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THE PERISCOPE, NSB KINGS BAY, Thursday, July 11, 2013 3

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4 THE PERISCOPE, NSB KINGS BAY, Thursday, July 11, 2013 USS Tennessee, USS Florida departing Navy photos by MC1 James Kimber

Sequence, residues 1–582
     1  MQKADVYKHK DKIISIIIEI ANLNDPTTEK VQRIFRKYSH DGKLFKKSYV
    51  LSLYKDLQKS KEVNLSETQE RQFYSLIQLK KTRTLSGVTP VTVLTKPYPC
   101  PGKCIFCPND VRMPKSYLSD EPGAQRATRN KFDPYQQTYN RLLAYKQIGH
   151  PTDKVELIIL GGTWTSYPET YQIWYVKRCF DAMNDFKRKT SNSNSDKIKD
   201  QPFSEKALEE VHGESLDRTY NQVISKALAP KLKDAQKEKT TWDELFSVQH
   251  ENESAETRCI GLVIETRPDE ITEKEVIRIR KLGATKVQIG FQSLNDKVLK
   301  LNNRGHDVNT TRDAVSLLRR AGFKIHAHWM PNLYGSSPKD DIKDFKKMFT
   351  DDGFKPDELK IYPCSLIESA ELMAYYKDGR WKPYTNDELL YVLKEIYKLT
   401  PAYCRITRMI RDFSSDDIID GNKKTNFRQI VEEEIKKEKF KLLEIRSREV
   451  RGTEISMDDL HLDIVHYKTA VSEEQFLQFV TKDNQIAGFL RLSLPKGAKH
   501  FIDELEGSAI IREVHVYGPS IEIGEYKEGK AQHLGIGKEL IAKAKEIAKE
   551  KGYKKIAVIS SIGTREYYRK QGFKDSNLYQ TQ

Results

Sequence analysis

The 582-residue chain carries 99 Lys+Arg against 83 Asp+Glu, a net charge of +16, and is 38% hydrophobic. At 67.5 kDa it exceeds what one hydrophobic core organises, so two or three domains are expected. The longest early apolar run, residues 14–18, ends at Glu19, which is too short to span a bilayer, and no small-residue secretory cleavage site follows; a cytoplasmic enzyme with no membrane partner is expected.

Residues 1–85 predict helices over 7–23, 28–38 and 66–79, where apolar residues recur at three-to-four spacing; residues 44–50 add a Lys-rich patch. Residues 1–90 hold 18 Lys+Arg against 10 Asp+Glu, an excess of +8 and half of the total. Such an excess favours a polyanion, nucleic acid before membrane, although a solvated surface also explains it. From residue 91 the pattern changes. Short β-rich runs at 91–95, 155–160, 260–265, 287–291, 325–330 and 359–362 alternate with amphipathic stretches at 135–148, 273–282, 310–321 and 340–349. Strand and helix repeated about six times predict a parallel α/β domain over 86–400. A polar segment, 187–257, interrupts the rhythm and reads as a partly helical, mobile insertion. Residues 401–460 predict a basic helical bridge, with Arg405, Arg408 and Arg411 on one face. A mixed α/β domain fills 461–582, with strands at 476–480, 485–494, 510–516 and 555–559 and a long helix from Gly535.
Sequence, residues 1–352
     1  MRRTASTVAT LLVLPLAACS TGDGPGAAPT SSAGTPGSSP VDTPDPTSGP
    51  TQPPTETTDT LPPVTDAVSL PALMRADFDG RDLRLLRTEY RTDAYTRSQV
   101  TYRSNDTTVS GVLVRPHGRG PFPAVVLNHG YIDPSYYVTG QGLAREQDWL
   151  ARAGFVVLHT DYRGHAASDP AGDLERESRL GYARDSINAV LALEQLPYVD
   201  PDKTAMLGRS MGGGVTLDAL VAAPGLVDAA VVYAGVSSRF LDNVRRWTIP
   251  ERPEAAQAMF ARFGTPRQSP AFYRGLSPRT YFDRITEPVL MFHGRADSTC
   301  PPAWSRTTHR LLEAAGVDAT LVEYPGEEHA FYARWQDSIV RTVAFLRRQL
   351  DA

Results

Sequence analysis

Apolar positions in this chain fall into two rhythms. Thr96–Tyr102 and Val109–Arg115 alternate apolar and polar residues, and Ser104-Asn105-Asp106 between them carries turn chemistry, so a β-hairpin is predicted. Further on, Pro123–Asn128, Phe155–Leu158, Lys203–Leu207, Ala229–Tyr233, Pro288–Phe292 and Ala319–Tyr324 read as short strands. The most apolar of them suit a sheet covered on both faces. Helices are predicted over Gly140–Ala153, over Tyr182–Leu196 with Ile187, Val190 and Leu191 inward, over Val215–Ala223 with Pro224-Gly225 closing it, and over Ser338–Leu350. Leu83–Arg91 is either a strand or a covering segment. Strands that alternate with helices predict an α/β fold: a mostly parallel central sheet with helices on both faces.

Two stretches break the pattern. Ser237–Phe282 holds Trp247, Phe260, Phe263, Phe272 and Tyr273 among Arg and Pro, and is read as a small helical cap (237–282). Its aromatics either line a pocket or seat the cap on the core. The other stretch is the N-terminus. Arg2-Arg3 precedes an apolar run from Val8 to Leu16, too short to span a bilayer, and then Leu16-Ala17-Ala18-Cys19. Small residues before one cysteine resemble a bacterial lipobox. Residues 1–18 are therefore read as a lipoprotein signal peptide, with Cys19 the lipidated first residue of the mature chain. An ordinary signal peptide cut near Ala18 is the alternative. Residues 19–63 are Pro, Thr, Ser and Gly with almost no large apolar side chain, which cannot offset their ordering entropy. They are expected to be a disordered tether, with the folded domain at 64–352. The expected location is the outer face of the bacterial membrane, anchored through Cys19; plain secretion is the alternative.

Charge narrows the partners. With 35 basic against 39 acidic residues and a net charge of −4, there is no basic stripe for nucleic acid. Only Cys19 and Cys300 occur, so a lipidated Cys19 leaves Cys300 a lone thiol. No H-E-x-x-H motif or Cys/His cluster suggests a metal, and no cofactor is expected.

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THE PERISCOPE, NSB KINGS BAY, Thursday, July 11, 2013 5 Kitchen. At the end of each morning the royal court of princes and princesses was gathered back in the Kingdom Rock castle for a review of the important Bible lessons of the day. ere, the royal subjects, led by Queen Believe or Queen B as she was known to the students, sang songs and ended the day on a high note of Gods love. Being a queen is much harder than I rst imagined, Jeerson said. But what a great time we had this year at Kingdom Rock. is is my sixth year leading VBS here at Kings Bay and I am amazed as I see many of the same students return year after year. When its all said and done, the most important thing is that the children and their families have a memorable rst-hand experience with Gods Word and his people. We were blessed to be able to provide this program for our military families. I am grateful for the seless support from the commands and the community. I am so grateful to have the opportunity to work each year with Donna Horn, director of Religious Education and Jackie omas, who has been my VBS sidekick for the last ve years. e children had a great time, and we look forward to doing it again next year. is years Vacation Bible School was a collaborative eort involving the Chapel sta, teen summer hires from the Child and Youth Program, parent volunteers and chapel parishioners. A special word of thanks goes to Collette Carr, of First African Missionary Baptist Church of Kingsland, who shared VBS resources in support of this years program. For more information about other religious education programming contact the Chapel at (912) 573-4501. Bible School